Last updated: January 20. 2014 9:49PM - 276 Views
By Heather Meade hmeade@civitasmedia.com



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DARKE COUNTY - “Land, whether you’re looking to buy or rent, is very hard to come by in this area,” one farmer stated before the start of a workshop on farmland leasing. Another local farmer added “If you do find land for sale, expect to pay a lot for it.”


Darke County ranked No. 1 in cash rent estimates for 2012-2013, coming in ahead of Mercer, Shelby and Madison Counties, in that order. Cash rents for non-irrigated cropland in 2013 ranged from $177 to $192 per acre, but with corn prices currently half of what they were for 2013, it’s not likely that those cash rents will easily apply to 2014, said Barry Ward, assistant professor with The Ohio State University’s department of agricultural, environmental and development economics.


According to Ward, it’s hard to say what 2014, or any year for that matter, will look like, because farmland leasing is an individualized process, with little public information available for land owners and renters to go on when negotiating a contract for the use of the land.


Ward reported that there’s often little to no information made public about farmland leases or purchases, which can create a scary market in the cases where the information is made public, he noted. Along with little public information is the fact that every parcel of land is going to be valued differently, Ward explained.


“Cropland is not a commodity asset, it’s a fixed piece of land, it’s not going anywhere, and not all parcels of land are equal. They’re not going to be valued the same,” Ward commented.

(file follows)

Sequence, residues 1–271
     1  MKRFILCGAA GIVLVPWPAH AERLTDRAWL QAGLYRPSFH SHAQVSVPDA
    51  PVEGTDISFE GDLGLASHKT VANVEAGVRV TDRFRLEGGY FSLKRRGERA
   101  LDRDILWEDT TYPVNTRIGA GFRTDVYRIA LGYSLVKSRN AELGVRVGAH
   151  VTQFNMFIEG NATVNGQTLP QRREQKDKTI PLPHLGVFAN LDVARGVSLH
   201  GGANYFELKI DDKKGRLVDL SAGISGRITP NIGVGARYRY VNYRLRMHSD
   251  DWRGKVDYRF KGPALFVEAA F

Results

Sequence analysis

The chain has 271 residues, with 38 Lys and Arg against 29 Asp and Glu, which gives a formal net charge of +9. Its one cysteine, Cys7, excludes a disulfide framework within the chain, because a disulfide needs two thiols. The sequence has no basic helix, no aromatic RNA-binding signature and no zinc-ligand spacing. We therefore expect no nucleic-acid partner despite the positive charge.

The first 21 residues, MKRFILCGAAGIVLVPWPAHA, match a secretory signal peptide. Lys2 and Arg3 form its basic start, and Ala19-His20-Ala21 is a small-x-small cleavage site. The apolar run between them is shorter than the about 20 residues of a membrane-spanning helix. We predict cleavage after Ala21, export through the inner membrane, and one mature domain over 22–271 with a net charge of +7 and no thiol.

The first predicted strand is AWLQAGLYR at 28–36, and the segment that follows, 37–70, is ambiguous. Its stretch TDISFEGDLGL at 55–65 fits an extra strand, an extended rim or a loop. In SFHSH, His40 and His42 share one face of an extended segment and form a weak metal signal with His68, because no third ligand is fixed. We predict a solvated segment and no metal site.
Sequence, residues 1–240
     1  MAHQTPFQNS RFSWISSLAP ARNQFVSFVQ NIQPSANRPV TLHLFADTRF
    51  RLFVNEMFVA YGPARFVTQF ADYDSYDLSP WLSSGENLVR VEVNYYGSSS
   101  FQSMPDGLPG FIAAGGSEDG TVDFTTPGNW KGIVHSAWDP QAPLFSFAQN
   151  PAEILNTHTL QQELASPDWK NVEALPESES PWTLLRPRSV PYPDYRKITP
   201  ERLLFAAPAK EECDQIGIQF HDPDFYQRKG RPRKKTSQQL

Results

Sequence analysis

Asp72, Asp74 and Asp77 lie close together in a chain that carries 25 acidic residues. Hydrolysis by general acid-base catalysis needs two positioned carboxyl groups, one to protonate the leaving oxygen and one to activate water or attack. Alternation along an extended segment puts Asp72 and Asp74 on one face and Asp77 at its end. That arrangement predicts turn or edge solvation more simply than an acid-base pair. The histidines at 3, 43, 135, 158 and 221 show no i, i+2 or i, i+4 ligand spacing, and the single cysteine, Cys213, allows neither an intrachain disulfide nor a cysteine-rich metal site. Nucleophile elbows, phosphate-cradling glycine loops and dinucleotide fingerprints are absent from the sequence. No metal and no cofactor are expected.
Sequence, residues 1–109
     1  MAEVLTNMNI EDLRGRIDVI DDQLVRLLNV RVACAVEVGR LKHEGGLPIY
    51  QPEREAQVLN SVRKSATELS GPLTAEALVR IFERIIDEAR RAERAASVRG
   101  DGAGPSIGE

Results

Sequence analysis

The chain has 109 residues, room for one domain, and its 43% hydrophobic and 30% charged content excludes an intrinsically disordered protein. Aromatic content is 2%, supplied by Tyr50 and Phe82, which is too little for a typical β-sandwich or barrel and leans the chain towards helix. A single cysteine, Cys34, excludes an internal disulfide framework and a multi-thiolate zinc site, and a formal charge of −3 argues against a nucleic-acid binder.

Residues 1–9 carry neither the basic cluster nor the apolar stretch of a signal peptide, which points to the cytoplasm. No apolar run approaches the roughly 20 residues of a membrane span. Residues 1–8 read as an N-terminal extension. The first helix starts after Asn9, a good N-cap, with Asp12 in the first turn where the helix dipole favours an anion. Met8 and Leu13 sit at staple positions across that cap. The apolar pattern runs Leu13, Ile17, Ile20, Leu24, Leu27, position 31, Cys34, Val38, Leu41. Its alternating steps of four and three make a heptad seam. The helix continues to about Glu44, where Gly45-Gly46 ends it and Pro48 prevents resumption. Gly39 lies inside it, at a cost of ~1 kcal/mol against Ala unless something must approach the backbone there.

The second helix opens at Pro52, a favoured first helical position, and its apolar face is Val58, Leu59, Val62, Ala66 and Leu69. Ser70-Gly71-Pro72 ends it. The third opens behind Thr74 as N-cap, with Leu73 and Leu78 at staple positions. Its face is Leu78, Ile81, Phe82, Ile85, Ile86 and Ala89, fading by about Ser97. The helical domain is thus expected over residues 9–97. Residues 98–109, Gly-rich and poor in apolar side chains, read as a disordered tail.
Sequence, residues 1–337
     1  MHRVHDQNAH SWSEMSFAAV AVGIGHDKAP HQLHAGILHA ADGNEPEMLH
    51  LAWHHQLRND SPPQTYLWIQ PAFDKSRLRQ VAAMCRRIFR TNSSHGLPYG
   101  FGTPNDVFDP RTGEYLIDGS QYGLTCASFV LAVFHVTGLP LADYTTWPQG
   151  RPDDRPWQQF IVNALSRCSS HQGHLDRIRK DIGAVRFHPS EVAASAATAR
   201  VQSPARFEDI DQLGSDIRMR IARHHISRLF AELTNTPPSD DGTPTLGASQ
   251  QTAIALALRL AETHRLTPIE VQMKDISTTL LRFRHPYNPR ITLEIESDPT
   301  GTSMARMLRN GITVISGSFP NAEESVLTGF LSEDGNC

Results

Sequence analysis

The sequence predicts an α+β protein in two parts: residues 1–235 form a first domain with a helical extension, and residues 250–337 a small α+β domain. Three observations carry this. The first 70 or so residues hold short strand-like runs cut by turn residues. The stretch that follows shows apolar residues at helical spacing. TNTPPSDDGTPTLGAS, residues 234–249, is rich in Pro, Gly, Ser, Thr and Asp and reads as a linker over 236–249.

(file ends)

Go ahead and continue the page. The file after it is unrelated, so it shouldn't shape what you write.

To determine a fair rental price for farmland, Ward suggested a lot of open and honest communication between landlord and tenant, as well as some strategic planning using enterprise and production budgets, and understanding the economics of agriculture, he said.


There are also many factors to consider when determining a fair price for leasing farmland, Ward said, including the expected crop return, land quality, fertility, drainage, size and shape, buildings and grain storage, services provided by the producer, location, conditions of the lease, reputation of the renter or owner, etc.


Supply and demand for products and land drive the rental market, as well, Ward commented. Rental rates have been in an upward trend, he noted, but will begin to see downward movement, though when that happens is left to be seen, he said. One of the points Ward stressed was that the more conditions a land owner places on the property’s lease, the more difficult it will be to find a satisfactory tenant.


“We’re seeing more and more landowners further removed from the farm,” Ward stated. “Some of them have never even stepped foot on the land, they’ve inherited it from family and rented out like their family did before them…”


That makes it a little “tricky” for some landowners to determine a fair rental price for their land, Ward went on to explain. Enterprise budgets, he said, provide an estimate of potential revenue, expenses and profit for the farm. A sample of an enterprise budget can be found at aede.osu.edu/research/osu-farm-management along with many other resources for land owners and renters.